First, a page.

About two years ago I wrote a post about what “poor” really means in America and what amenities many of those below the poverty line have. I don’t want to delve back into that because you can read the original post at this link. I was somewhat perplexed by the fact that the poverty line in the United States seems rather static in that we always have a certain percentage of folks below the line and I believe that there is political incentives to always have the poor. The poor seem to be a handy voting block for whoever will promise them the most entitlements. I generally stopped there in my deep thoughts, but there is more.
In his book, Return to Prosperity, author Arthur Laffer makes three HUGE POINTS THAT are important to this dialogue,
- The statistics on the poor in America do not show how many poor people work hard and move to the middle or upper class. When they move up, they are no longer considered poor. Their net gain in wealth is not reported with the poor.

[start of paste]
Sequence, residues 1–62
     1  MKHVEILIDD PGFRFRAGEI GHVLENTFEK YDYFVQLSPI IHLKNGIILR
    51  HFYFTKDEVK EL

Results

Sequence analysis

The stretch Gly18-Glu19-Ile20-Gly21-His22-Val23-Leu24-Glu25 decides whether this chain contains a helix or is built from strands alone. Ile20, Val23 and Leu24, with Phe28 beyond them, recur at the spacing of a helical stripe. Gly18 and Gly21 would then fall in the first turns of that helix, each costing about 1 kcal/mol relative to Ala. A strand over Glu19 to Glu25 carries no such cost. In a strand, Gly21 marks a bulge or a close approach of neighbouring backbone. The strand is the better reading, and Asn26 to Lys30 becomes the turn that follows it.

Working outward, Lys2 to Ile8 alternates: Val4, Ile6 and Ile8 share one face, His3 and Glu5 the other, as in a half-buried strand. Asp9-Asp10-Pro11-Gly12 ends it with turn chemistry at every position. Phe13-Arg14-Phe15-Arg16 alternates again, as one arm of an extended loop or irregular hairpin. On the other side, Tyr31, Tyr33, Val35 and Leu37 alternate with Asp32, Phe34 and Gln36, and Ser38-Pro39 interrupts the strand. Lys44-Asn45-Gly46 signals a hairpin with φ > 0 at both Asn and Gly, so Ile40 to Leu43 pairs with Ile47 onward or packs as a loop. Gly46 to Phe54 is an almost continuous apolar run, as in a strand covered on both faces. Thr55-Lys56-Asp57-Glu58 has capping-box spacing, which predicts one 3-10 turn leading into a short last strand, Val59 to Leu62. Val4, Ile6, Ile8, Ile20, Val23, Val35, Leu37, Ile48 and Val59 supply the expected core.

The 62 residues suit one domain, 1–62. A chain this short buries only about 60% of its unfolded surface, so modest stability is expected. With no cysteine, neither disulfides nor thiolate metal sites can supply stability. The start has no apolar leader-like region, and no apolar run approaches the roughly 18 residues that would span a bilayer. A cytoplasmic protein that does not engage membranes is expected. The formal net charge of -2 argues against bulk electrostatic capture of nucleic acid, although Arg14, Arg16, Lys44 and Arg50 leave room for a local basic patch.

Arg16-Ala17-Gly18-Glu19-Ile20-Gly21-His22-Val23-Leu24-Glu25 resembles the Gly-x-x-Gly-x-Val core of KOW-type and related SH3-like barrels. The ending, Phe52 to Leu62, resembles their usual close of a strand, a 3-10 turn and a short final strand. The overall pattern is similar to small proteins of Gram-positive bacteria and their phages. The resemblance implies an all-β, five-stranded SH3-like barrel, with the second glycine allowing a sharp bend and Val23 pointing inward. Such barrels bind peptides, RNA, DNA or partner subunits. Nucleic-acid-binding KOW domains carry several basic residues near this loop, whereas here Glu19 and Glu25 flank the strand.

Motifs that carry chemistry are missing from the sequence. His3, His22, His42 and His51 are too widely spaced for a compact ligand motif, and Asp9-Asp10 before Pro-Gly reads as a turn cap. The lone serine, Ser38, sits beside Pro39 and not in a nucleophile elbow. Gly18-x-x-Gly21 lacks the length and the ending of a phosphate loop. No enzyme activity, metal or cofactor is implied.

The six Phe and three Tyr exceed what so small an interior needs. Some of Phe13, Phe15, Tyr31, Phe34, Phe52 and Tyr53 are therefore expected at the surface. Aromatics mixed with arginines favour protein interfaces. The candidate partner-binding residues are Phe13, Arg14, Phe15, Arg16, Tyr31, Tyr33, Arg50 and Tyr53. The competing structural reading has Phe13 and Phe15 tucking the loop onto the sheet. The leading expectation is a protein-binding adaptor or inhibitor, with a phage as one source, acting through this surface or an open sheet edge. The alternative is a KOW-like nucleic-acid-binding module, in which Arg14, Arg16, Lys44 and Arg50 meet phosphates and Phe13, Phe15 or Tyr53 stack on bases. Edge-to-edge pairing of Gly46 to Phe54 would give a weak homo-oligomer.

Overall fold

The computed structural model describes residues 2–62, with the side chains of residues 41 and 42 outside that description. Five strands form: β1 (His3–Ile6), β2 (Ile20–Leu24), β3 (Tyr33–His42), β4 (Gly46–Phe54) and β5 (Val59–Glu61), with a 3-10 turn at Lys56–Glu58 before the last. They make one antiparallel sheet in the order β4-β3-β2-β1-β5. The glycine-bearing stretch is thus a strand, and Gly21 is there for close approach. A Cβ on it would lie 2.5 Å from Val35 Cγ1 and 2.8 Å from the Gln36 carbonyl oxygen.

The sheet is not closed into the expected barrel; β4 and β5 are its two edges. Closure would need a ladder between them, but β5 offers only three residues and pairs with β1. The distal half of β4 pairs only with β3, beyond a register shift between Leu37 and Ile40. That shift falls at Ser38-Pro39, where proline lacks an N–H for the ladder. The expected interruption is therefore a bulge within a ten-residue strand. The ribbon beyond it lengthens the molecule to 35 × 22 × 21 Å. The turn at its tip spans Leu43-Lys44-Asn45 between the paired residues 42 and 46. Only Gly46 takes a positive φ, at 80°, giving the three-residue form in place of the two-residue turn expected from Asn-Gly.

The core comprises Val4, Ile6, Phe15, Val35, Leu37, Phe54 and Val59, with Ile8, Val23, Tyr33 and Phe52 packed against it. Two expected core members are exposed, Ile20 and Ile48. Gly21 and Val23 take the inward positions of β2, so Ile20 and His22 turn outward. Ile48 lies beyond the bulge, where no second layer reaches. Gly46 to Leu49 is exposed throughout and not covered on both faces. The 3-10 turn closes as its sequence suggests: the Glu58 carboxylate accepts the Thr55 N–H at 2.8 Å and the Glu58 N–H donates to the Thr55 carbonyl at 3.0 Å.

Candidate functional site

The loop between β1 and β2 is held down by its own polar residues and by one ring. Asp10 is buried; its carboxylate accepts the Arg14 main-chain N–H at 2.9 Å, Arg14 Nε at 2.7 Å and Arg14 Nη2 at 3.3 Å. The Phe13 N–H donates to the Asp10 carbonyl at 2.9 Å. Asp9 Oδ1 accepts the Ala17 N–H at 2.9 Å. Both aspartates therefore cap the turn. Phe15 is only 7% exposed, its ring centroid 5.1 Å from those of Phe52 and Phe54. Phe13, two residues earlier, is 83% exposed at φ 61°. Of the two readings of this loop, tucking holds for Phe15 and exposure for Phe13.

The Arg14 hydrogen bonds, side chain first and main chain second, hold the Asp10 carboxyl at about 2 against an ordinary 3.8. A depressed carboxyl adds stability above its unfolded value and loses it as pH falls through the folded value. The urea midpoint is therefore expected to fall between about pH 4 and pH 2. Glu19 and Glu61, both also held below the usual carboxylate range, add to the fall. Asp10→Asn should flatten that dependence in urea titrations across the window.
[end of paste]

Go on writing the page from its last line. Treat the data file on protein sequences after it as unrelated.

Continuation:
- So how do we still have around the same percentage of poor people? According to the U.S. Census Bureau, between 1 and 1.5 million new immigrants enter the United States each year. I am assuming that they mean LEGAL immigrants and most of these people are starting at the bottom income levels as “Immigration helps create the statistical mirage that poor people do not make progress in the American labor force.”
- Lastly the average number of wage earners in a low income family is only equal to one half of a person working versus two for the high-income family, “It’s hard to have much of an income if no one in the family works.“
As politicians tweak our emotions about the less fortunate they may just be a little self-serving as they ignore the many success stories, discount the affects of immigrants, and keep many low or no wage earners from working enough to pull themselves out of poverty.